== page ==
Stages of Emotional Development: Infancy

Filed under: Emotional Development - 06 Mar 2012  | Spread the word !

[Facebook] [Twitter]

New studies on the emotional development of babies have shown that infants can actually understand more than people usually imagine. The emotional development of an infant is considered to be the foundation of the social behavior of the adult, being at the same time an important influential factor on the way children are able to relate with other individuals, both in the early and middle-childhood and in adolescence.

Parents have an important influence on the emotional development of infants and the newest studies in this field have proved that babies possess a wide range of emotions. Through emotions, infants are actually able to communicate with their parents, even before learning to speak. Infants can accurately interpret the facial expressions and the voice tone of their parents. Babies are able to show both positive and negative emotions. The positive emotions of a baby will most likely be shown through smiles and laughing, while the negative ones will be indicated by crying and sadness, as well as anxious behavior. Parents usually manage to interpret well their infants’ emotions. For example, a baby will cry when feeling hunger or tiredness, but also when experiencing new, strange situations. For a normal emotional development, infants need a lot of care and attention, mostly during the first two years of life. A baby who has never been neglected will have a normal emotional development and will become an emotionally strong children and later on, a secure adult.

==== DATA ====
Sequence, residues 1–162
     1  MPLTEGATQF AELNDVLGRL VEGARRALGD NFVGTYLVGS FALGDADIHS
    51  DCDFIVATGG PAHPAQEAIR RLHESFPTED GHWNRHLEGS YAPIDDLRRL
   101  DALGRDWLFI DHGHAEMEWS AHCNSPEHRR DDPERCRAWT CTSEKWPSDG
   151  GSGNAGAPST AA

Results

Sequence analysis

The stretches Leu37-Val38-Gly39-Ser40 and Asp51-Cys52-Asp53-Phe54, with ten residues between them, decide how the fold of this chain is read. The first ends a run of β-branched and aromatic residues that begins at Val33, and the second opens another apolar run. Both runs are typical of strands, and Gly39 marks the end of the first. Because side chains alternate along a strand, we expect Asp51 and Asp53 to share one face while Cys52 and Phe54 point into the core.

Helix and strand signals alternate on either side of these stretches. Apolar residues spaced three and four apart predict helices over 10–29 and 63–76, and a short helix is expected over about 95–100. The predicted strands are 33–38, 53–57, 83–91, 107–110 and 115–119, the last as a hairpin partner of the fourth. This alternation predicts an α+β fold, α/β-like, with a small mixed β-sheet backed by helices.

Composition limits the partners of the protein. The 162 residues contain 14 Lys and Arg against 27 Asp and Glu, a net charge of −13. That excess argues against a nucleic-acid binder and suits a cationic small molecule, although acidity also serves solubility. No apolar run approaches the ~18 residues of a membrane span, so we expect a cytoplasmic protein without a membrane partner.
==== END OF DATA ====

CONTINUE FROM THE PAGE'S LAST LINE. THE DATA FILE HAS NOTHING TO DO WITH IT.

During the first months of life, the baby learns to recognize the touch of a person. Picking up the child is important for a normal emotional development, as the baby will be comforted this way. Starting with the fourth month of life, an infant will be able to recognize his family. If the baby becomes very curious about everything happening around him, parents should encourage him, as this is part of his normal emotional development. Grabbing things to put them into his mouth is also very normal for all babies. At eight months, a baby will start developing a sense of self, while his emotional development continues with the young child becoming more independent of his parents, as he develops self-consciousness. At eighteen months, the child will start remembering things. All strong emotional events in this stage of emotional development will most likely have long lasting effects on the behavior of a child, this is why parents should offer the baby constant care and attention, while understanding all steps of a normal emotional development.

1 Star2 Stars3 Stars4 Stars5 Stars (7 votes)